Practice Financial Management – Insights & Tips From MedCV That You Need to Quickly Maximize Your Income
Hospitals and medical groups are finally shaking off the economic fallout of the Covid-19 Pandemic, but now historic inflation and looming economic uncertainties continue to place significant pressure on them to improve their financial performance. That’s why John Rezen (FACHE, MHA) in collaboration with MedCV has brought back this series of 2-3 minute reads on how You can assess and improve your practice financial performance in 12 essential areas. Each installment will help you and your team quickly add cash to your bottom line by allowing your practice to work smarter and harder. The following checklist of performance measures will help physician enterprises identify financial opportunities and accelerate their improvements. Below are the 12 topics, to read a previous segment, click on the name/link. The current segment is in Blue and upcoming segments are in Black.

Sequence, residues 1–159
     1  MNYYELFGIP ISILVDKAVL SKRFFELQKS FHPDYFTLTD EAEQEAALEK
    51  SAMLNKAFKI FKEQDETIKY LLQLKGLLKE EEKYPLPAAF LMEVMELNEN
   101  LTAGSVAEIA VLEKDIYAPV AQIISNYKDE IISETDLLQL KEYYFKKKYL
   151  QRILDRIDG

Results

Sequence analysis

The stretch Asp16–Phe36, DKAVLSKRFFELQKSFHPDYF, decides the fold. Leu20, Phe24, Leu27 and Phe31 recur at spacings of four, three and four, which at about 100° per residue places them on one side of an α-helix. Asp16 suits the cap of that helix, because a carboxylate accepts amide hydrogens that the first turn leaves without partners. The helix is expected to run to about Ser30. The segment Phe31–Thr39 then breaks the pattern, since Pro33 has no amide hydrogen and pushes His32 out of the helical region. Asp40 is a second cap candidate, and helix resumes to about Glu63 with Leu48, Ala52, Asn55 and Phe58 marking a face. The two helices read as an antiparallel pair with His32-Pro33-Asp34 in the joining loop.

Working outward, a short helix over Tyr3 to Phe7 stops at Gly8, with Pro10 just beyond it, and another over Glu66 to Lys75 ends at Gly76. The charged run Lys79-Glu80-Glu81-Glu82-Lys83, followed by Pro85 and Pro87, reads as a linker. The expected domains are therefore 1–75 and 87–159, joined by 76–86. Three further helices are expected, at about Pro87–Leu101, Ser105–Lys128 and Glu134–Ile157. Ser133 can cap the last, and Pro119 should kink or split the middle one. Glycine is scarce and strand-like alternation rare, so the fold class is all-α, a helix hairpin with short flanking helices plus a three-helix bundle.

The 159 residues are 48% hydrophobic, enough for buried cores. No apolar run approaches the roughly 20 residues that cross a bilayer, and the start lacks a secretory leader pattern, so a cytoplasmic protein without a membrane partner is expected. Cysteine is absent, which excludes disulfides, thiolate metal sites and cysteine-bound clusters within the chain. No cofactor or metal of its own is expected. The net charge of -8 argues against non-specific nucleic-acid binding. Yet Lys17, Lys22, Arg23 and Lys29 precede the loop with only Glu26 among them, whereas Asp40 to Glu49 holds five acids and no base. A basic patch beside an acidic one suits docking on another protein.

- Staffing minutes per encounter
- Average staff pay rate per hour
- Providers’ pay per wRVU
- Service costs-to-revenue
- Supply and drug costs-to-revenue
- Overhead costs-to-revenue
Even if you are not directly responsible for the management of your practice, knowing this information will help you make sure you are making the income you and your team have earned. So let’s get started!
Tip 7 of 12 – Staffing Minutes per Encounter
Non-Provider Staffing Levels: